If San Diego serves as an example, the Los Angeles District and City attorneys' crackdowns on medical marijuana dispensaries in recent weeks could all be for nothing: Juries in our neighbor to the south are two for two in acquitting pot-shop owners prosecuted for selling weed.
In both cities, it boils down to this: Law enforcement believes that selling pot over the counter is not allowed under the state's medical marijuana law, which provides for the collective cultivation and nonprofit distribution of pot to the seriously ill. In Southern California's pot shops the attorneys see a retail, for-profit environment never envisioned by voters who supported Prop. 215. But …
… While the city and district attorneys involved might be technically righteous, juries in San Diego have been sympathetic toward suspects whom they believe were trying to follow the law.
On Thursday a jury acquitted Eugene Davidovich of drug-possession-and-sales charges, the second time in four months that pot-shop owners in S.D. have been let off the hook in court.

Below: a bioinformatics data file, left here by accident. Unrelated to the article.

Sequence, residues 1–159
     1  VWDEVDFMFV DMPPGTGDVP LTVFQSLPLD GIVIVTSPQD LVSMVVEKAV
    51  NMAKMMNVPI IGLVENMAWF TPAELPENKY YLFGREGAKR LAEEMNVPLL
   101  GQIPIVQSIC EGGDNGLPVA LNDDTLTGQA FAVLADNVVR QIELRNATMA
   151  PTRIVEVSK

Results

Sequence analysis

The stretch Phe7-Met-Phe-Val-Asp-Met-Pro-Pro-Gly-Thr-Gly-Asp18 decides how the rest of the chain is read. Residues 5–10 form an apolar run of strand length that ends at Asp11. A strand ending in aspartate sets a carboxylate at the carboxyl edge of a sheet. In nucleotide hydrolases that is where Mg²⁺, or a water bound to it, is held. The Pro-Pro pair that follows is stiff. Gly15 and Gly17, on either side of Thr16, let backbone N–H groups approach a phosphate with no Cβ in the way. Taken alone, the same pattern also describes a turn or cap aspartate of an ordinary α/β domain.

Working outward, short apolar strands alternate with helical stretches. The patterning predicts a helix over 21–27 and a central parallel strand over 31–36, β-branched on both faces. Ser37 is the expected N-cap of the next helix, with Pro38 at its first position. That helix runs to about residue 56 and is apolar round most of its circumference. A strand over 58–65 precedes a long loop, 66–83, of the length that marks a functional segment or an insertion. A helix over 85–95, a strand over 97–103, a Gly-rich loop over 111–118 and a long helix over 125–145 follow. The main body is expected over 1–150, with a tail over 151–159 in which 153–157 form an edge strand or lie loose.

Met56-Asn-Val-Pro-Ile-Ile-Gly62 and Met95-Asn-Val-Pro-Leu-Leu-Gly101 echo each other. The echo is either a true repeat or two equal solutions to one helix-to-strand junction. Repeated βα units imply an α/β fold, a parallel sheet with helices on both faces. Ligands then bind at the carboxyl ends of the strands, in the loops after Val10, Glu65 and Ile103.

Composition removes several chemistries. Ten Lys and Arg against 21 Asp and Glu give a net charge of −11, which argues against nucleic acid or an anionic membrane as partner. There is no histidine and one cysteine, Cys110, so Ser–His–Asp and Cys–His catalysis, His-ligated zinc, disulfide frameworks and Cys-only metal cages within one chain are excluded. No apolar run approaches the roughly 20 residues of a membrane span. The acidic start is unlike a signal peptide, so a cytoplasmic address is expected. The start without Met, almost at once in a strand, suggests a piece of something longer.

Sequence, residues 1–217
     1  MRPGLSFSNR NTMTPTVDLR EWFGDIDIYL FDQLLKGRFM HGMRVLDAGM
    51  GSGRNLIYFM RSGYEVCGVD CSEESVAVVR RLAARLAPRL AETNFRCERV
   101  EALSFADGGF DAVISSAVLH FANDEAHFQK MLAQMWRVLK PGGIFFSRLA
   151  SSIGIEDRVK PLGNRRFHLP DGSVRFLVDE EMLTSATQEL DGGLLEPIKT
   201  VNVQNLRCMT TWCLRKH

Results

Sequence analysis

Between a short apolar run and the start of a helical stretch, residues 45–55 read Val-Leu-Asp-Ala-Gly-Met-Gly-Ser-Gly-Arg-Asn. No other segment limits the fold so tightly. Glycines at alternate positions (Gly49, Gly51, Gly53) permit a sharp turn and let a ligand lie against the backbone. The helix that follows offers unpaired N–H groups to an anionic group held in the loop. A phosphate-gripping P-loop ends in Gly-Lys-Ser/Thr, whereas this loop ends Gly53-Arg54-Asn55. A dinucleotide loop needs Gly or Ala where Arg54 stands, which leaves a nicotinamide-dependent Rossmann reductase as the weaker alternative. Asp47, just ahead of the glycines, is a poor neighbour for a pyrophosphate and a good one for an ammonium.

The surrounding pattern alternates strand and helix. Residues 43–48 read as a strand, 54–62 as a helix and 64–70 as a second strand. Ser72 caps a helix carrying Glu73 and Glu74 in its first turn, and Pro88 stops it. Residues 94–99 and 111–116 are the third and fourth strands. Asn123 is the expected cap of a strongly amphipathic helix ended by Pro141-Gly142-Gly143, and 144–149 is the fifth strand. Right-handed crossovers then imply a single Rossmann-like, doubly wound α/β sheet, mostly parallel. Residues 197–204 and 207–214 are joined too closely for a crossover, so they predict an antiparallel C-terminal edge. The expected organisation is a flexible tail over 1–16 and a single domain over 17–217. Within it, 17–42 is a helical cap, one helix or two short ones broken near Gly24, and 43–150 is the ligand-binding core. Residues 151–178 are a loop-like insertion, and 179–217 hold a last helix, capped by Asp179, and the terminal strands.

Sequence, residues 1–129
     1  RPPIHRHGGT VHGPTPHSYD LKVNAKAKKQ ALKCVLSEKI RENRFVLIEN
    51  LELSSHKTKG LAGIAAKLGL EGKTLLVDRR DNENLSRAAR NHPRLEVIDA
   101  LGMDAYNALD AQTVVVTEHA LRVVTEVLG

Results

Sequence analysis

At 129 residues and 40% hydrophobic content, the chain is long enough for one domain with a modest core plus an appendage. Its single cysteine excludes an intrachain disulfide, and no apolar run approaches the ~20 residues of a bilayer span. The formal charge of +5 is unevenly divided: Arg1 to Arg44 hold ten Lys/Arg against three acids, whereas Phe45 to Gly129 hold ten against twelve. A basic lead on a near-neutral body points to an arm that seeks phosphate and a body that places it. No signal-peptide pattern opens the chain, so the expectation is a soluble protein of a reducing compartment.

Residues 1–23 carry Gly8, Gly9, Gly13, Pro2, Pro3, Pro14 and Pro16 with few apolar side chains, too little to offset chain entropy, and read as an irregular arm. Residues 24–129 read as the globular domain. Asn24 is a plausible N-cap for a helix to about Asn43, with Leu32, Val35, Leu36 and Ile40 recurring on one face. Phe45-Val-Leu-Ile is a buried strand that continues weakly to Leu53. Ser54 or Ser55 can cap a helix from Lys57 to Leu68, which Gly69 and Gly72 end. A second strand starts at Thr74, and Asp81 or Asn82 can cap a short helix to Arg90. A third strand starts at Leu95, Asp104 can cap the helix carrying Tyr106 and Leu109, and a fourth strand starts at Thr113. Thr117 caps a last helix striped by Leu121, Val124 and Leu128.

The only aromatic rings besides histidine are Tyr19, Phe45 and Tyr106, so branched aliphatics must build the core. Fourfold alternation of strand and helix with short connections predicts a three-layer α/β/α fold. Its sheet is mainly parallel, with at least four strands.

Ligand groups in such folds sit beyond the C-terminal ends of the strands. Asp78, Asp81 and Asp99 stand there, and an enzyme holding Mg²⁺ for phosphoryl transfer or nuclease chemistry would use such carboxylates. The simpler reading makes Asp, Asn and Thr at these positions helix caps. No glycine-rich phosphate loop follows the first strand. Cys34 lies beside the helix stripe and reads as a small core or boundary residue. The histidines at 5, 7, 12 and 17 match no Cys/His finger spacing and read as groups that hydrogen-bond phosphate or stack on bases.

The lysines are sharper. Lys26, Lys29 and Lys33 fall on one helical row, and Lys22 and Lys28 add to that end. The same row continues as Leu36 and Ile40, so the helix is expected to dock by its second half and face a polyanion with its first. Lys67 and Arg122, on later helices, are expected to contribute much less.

In stings similar to what has taken place recently in L.A., undercover investigators in San Diego bought pot from the operators and then used the purchases as evidence of drug possession and sales at the dispensaries.
Los Angeles City Attorney Carmen Trutanich and county District Attorney Steve Cooley have maintained that dispensaries cannot operate as for-profit retails of pot.
Advertising disclosure: We may receive compensation for some of the links in our stories. Thank you for supporting LA Weekly and our advertisers.